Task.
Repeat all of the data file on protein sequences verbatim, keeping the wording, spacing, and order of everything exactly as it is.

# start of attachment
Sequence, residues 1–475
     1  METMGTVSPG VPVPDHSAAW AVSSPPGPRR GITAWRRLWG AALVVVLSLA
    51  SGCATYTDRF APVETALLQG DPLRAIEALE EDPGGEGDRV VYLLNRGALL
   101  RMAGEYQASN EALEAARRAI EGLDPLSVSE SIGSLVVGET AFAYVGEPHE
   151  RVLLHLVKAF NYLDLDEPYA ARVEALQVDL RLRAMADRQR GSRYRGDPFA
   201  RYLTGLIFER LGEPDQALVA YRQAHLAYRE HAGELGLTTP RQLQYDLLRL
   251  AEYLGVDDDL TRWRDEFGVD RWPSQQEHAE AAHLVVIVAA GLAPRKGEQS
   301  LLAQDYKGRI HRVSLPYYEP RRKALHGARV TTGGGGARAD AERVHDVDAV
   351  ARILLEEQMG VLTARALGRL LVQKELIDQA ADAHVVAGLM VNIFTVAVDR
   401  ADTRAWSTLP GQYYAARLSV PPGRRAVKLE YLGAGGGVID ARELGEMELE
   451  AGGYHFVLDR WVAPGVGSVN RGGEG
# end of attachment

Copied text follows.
Sequence, residues 1–475
     1  METMGTVSPG VPVPDHSAAW AVSSPPGPRR GITAWRRLWG AALVVVLSLA
    51  SGCATYTDRF APVETALLQG DPLRAIEALE EDPGGEGDRV VYLLNRGALL
   101  RMAGEYQASN EALEAARRAI EGLDPLSVSE SIGSLVVGET AFAYVGEPHE
   151  RVLLHLVKAF NYLDLDEPYA ARVEALQVDL RLRAMADRQR GSRYRGDPFA
   201  RYLTGLIFER LGEPDQALVA YRQAHLAYRE HAGELGLTTP RQLQYDLLRL
   251  AEYLGVDDDL TRWRDEFGVD RWPSQQEHAE AAHLVVIVAA GLAPRKGEQS
   301  LLAQDYKGRI HRVSLPYYEP RRKALHGARV TTGGGGARAD AERVHDVDAV
   351  ARILLEEQMG VLTARALGRL LVQKELIDQA ADAHVVAGLM VNIFTVAVDR
   401  ADTRAWSTLP GQYYAARLSV PPGRRAVKLE YLGAGGGVID ARELGEMELE
   451  AGGYHFVLDR WVAPGVGSVN RGGEG